There are civil rights stories everywhere. Most Americans can name a national Civil Rights figure and hopefully know something about the key pieces of civil rights legislation in history. But most don’t know anything about what happened down the street.
My experience in this regard was a little different, growing up at Girard College. I knew the school used to be all white and all male and I knew there had been a tremendous civil rights struggle to desegregate Girard College. Only nine years separated the first graduation of an African American student, Charles Hicks in 1974, and my enrollment at Girard in 1983. I always knew there were hard feelings about the school in some Philadelphia neighborhoods and among some of the alumni because in a period of about twenty years it went from an all-white school to majority African American—and in 1984 girls enrolled first time.
Socrates tells us to “know thyself” and in better trying to understand myself and where I came from, I watched the 2015 short film about the effort to desegregate Girard College, Cecil’s People: the Freedom Fighters (https://www.historymakingproductions.com/cecils-people). A frequent contemporary mistake is to think that racism is a Southern problem, but this is the story of the desegregation of a Philadelphia institution. If one imagines an elite boarding school campus free to white male orphans (and white male children of single parents), surrounded by a ten-foot wall in the middle of a black neighborhood, that’s Girard College up until 1968. Cecil’s People brought home to me the courage of those in the civil rights movement and that a sustained effort was required for actual change. The film, along with the recent death of Congressman Elijah Cummings and former US Senator Harris Wofford, reminded me that the heroes of the civil rights movement are passing from the scene and with them their experiences and wisdom.
Girard College opened in 1848 fulfilling the vision of the merchant/banker Stephen Girard who left two million dollars, the largest gift in American history at the time, for the creation of the school for fatherless boys, specifically “poor, white, orphan males.” Girard was certainly a hero in managing hospitals in Philadelphia during the yellow fever epidemic of 1793 and helping to finance the War of 1812. He gave the vast majority of his fortune to the City of Philadelphia and charities in that city. So it doesn’t surprise that the boys who were saved by “Mr. Girard’s money” venerated him as a great equalizer who believed in “greatness for all.” But the film nicely shows that it was the work of Cecil B. Moore and his band of Freedom Fighters who really expanded that greatness for all.
Cecil B. Moore was the President of the Philadelphia chapter of the NACCP, but it was not the usual story of the NACCP trying to advance the ball simply through lawsuits. Moore understood the pressure system, Moore saw that it was not enough to draw attention to a problem but that there was a need to agitate, to shock the conscience. Watching the film, one gets the sense that he never stopped being the Marine who fought in WW2, always advancing never retreating. The young protestors who fought with Moore recall what he meant to them and the risks they took in standing with him against a police force and school administration desperate to maintain the status quo. This campaign to desegregate Girard College was a non-stop, seven month and seventeen day effort, day and night.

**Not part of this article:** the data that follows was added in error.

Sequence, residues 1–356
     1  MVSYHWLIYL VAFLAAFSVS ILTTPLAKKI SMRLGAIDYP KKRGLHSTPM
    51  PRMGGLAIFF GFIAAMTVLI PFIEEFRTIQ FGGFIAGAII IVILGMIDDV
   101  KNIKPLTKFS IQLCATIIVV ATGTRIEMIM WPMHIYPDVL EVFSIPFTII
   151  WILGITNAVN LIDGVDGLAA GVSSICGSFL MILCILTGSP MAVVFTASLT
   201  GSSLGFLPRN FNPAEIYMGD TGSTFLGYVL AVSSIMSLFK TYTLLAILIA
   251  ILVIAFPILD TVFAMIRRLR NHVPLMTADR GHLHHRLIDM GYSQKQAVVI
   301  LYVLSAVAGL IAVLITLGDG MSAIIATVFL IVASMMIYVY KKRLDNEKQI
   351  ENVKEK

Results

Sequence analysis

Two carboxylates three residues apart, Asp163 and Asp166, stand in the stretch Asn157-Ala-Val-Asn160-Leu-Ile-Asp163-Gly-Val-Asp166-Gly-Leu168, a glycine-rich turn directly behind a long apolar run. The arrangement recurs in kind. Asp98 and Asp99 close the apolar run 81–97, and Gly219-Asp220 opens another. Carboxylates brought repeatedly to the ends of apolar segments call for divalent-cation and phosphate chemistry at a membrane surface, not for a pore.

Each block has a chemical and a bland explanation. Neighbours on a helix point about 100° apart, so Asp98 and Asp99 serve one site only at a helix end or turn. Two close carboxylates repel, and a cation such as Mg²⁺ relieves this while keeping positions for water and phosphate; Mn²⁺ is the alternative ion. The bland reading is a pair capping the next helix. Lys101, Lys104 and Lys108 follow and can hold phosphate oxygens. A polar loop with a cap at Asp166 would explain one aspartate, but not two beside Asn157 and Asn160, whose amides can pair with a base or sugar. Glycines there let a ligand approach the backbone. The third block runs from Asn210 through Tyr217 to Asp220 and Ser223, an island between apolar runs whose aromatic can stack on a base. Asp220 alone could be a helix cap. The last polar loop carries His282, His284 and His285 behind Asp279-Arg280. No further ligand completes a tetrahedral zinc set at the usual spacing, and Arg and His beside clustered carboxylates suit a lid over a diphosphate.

As part of the national civil rights effort, Martin Luther King Jr. protested outside of the walls of Girard College delivering a speech that brought home the inconsistencies of America’s cold war efforts as a nation under God against the Soviet Union while not addressing our own limitations on liberty. King said, “I must face the fact that it is a sad experience at this stage of the 20th century, to have to stand in the city that has been known as the cradle of liberty, that has in its midst and in its presence, a kind of Berlin Wall to keep the colored children of God out.” The film nicely brings out the subtle differences and complexities among those in the civil rights movement contrasting Moore’s militancy with King’s nonviolence. Today because of these protests, Girard College is one of the key staging areas for the effort to make Martin Luther King Day, a day of national service.
More than anything, the film reminded me of some things Lincoln said about the difficulties of instilling patriotism in his “Speech on the Perpetuation of Our Political Institutions.” Lincoln, has all the problems of 19th century politicians on race, but he knew something about civic attachment. In that speech, Lincoln speaks of the need to replenish the principles of the American Revolution because there will no longer be people around who fought in that cause. Lincoln says, “a living history was to be found in every family– a history bearing the indubitable testimonies of its own authenticity, in the limbs mangled, in the scars of wounds received, in the midst of the very scenes related–a history, too, that could be read and understood alike by all, the wise and the ignorant, the learned and the unlearned.–But those histories are gone. They can be read no more forever. They were a fortress of strength; but, what invading foeman could never do, the silent artillery of time has done; the leveling of its walls. They are gone.”
If nothing else, Cecil’s People captures the principles, spirit, and songs of Freedom Fighters in one civil rights battle in one place before we lose them. It should be the case that every Philadelphian would know the name of Marie Hicks who fought for her children to get into Girard or why there’s a street called Cecil B. Moore Avenue, but they do not.
Rudy Hernandez is a Post-Doctoral Fellow in American Political Thought at the Kinder Institute on Constitutional Democracy at the University of Missouri, and a Girard College graduate (Class of 1993).